We independently select and share the products we love—and may receive a commission if you choose to buy. You've got this.

By its very nature, motherhood requires some lifestyle adjustments: Instead of staying up late with friends, you get up early for snuggles with your baby. Instead of spontaneous date nights with your honey, you take afternoon family strolls with your little love. Instead of running out of the house with just your keys and phone, you only leave with a fully loaded diaper bag.

For breastfeeding or pumping mamas, there is an additional layer of consideration around when, how and how much your baby will eat. Thankfully, when it comes to effective solutions for nursing or bottle-feeding your baby, Dr. Brown's puts the considerations of mamas and their babies first with products that help with every step of the process—from comfortably adjusting to nursing your newborn to introducing a bottle to efficiently pumping.

With countless hours spent breastfeeding, pumping and bottle-feeding, the editors at Motherly know the secret to success is having dependable supplies that can help you feed your baby in a way that matches lifestyle.

Here are 9 breastfeeding and pumping products to help you no matter what the day holds.

Customflow™ Double Electric Breast Pump

Dr. Brown's electric pump

For efficient, productive pumping sessions, a double electric breast pump will help you get the job done as quickly as possible. Quiet for nighttime pumping sessions and compact for bringing along to work, this double pump puts you in control with fully adjustable settings.


Hands-Free Pumping Bra

Dr. Brown''s hands free pumping bra

Especially in the early days, feeding your baby can feel like a pretty consuming task. A hands-free pumping bra will help you reclaim some of your precious time while pumping—and all mamas will know just how valuable more time can be!


Manual Breast Pump with SoftShape™ Silicone Shield

Dr. Brown's manual breast pump

If you live a life that sometimes takes you away from electrical outlets (that's most of us!), then you'll absolutely want a manual breast pump in your arsenal. With two pumping modes to promote efficient milk expression and a comfort-fitted shield, a manual pump is simply the most convenient pump to take along and use. Although it may not get as much glory as an electric pump, we really appreciate how quick and easy this manual pump is to use—and how liberating it is not to stress about finding a power supply.


Nipple Shields and Sterilization Case

Dr. Brown's nipple shields

There is a bit of a learning curve to breastfeeding—for both mamas and babies. Thankfully, even if there are some physical challenges (like inverted nipples or a baby's tongue tie) or nursing doesn't click right away, silicone nipple shields can be a huge help. With a convenient carry case that can be sterilized in the microwave, you don't have to worry about germs or bacteria either. 🙌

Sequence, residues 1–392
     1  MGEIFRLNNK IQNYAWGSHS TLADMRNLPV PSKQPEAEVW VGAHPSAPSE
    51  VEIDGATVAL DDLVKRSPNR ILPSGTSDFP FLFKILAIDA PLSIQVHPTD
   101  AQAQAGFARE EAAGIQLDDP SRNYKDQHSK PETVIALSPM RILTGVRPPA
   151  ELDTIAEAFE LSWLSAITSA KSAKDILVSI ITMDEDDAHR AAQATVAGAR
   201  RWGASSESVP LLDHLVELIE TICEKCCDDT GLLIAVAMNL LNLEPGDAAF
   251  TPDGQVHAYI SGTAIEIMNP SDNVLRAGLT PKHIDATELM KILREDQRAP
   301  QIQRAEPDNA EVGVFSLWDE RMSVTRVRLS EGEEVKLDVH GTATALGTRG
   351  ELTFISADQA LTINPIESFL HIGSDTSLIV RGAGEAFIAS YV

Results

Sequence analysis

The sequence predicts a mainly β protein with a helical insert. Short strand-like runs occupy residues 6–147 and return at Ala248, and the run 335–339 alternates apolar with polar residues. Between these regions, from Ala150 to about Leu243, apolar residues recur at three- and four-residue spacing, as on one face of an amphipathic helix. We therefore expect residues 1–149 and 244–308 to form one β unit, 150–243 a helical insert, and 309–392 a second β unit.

Silicone One-Piece Breast Pump

Dr. Brown's silicone pump

When you are feeding your baby on one breast, the other can still experience milk letdown—which means it's a golden opportunity to save some additional milk. With a silent, hands-free silicone pump, you can easily collect milk while nursing.


Breast to Bottle Pump & Store Feeding Set

After a lifetime of nursing from the breast, introducing a bottle can be a bit of a strange experience for babies. Dr. Brown's Options+™ and slow flow bottle nipples were designed with this in mind to make the introduction to bottles smooth and pleasant for parents and babies. As a set that seamlessly works together from pumping to storing milk to bottle feeding, you don't have to stress about having everything you need to keep your baby fed and happy either.


Washable Breast Pads

washable breast pads

Mamas' bodies are amazingly made to help breast milk flow when it's in demand—but occasionally also at other times. Especially as your supply is establishing or your breasts are fuller as the length between feeding sessions increase, it's helpful to use washable nursing pads to prevent breast milk from leaking through your bra.


Breast Milk Storage Bags

Dr. Brown's milk storage bags

The essential for mamas who do any pumping, breast milk storage bags allow you to easily and safely seal expressed milk in the refrigerator or freezer. Dr. Brown's™ Breast Milk Storage Bags take it even further with extra thick walls that block out scents from other food items and feature an ultra secure lock to prevent leaking.


Watch one mama's review of the new Dr. Brown's breastfeeding line here:

This article was sponsored by Dr. Brown's. Thank you for supporting the brands that support Motherly and mamas.